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What is a Web Application Firewall (WAF) and what are some of the things to look for in an effective one? Why would you deploy a WAF instead of just an IPS?

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Ivan Ristic's ModSecurity Handbook is great for learning the details on how a WAF works feistyduck.com/books/modsecurity-handbook –  Tate Hansen Nov 18 '10 at 5:13
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up vote 14 down vote accepted

A Web Application Firewall (WAF) is an appliance, server plugin, or filter that applies a set of rules to an HTTP conversation. By making use of the rules many attacks such as Cross-site scripting (XSS) and SQL Injection, can be detected and blocked.

For a more depth description see the OWASP Website and Wikipedia.

When it comes to choosing a Web Application Firewall there is a good list on Wikipedia. Personally I would recommend ModSecurity when using Apache.

When choosing a WAF personally the two most critical things I would consider are how effective its default ruleset is (aka how effective is it out the box) and how customisable the ruleset is to suite your specific application. Most of the time by using the default ruleset applications will break and the ruleset will need modifying. Obviously over things to consider are how effective its logging is, what sort of speeds it can handle, platforms it can support and how well maintained it is. As with any firewall its needs to be kept up-to-date to perform at its best against new attacks.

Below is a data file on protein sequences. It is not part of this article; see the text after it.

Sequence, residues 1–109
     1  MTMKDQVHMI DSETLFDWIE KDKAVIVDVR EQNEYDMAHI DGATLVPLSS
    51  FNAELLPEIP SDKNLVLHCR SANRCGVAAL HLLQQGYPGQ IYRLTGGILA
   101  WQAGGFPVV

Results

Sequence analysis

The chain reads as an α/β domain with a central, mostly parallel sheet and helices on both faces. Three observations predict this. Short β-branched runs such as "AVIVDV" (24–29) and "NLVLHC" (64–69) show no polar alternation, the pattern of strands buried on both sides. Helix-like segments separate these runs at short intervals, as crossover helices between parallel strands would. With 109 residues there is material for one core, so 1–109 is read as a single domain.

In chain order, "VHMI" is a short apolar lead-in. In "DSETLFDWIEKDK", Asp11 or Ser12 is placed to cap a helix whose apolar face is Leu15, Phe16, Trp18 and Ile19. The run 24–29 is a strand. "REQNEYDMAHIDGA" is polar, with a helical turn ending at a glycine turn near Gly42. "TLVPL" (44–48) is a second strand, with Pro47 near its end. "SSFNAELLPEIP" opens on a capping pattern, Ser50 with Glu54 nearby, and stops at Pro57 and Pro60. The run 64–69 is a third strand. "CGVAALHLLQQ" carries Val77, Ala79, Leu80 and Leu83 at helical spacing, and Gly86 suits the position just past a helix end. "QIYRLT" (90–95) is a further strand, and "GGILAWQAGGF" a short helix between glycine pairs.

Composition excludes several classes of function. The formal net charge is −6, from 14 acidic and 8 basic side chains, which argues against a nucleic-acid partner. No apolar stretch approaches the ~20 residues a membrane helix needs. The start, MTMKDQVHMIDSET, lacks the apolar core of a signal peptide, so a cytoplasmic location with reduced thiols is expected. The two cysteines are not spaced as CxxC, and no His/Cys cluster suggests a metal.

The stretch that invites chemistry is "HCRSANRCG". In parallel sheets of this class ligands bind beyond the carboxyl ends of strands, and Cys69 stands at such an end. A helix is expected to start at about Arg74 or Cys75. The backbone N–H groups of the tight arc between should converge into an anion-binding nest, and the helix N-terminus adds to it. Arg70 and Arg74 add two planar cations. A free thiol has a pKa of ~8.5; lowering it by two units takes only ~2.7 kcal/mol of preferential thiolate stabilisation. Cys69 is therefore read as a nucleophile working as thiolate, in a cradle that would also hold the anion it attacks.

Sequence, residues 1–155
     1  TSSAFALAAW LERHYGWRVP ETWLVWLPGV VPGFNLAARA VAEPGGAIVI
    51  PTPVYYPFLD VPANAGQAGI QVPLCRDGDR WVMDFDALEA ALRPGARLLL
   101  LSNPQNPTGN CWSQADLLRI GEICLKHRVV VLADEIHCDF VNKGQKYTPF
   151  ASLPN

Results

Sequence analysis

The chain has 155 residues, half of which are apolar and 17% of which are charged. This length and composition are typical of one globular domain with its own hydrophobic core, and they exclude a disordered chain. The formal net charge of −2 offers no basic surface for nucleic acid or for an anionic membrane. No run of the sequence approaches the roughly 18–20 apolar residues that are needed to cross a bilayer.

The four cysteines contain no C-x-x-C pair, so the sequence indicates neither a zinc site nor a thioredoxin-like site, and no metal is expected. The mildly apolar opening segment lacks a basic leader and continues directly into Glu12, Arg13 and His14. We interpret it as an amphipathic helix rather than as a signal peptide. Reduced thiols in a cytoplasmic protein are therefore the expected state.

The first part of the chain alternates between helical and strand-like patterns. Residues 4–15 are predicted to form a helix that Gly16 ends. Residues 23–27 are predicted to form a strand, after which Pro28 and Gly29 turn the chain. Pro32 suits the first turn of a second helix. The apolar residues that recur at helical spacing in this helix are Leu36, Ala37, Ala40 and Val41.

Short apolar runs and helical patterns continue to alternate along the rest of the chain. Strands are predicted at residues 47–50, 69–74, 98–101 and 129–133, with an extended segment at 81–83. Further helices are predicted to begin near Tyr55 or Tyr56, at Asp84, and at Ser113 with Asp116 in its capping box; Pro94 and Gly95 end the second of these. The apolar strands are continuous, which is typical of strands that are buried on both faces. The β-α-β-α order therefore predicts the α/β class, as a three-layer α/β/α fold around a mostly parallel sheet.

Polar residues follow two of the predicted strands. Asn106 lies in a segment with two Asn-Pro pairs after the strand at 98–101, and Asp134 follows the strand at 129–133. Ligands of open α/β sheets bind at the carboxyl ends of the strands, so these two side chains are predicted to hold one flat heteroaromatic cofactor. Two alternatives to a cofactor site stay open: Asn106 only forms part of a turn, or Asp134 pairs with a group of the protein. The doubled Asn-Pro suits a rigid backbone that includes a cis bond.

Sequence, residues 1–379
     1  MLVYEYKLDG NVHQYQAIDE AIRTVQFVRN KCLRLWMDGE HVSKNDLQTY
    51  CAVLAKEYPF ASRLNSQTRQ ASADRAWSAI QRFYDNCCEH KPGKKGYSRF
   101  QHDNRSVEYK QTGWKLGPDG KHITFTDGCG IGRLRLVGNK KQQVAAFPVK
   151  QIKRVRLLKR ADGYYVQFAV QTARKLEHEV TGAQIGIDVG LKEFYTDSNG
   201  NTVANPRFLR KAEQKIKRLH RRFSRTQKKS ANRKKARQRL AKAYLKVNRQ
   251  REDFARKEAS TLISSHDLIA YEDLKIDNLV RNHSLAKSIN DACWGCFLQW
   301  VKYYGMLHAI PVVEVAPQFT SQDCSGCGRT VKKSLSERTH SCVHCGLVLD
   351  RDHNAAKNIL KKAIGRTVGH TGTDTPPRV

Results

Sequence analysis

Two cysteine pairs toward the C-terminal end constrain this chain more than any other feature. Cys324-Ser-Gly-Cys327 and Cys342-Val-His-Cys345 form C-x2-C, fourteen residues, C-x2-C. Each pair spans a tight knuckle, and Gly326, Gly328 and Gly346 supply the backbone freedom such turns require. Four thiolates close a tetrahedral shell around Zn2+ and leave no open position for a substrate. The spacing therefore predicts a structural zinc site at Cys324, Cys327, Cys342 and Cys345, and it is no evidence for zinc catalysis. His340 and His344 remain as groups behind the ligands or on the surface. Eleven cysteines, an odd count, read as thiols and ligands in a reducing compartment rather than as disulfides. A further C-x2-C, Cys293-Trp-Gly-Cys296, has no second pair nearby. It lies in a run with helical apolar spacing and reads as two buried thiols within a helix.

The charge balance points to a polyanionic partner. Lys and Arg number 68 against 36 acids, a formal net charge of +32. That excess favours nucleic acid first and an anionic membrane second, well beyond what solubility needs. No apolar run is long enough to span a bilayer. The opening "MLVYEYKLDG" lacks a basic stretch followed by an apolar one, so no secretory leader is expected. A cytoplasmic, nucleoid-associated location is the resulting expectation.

Although some IPS systems such as Snort do have rulesets that can monitor for Web Application attacks. In my experience I have found that an IPS is better for catching attacks at the Network level and a WAF with a good ruleset will work best for catching stuff at the application layer. Also by using a WAF you have a better choice of responses than you do with a IPS where you don't have to make a choice between block or allow instead you can take over actions.

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With WAFs you can also be a lot more granular, down to defining the size, format, range etc for a specific paramater on a specific page. –  AviD Nov 18 '10 at 18:51
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Another feature you should consider when selecting a WAF, is self configuration / learning mode. Not all WAFs support this, and not all do it well - but for large applications, it can be quite a bother to configure all pages and parameters ( thats O(m * n)), and self learning can help here. However, caveat emptor - overzealous learning can be even worse. –  AviD Nov 18 '10 at 18:53
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+1 mostly for getting the phrase Caveat Emptor in here :-) –  Rory Alsop Dec 2 '10 at 19:19
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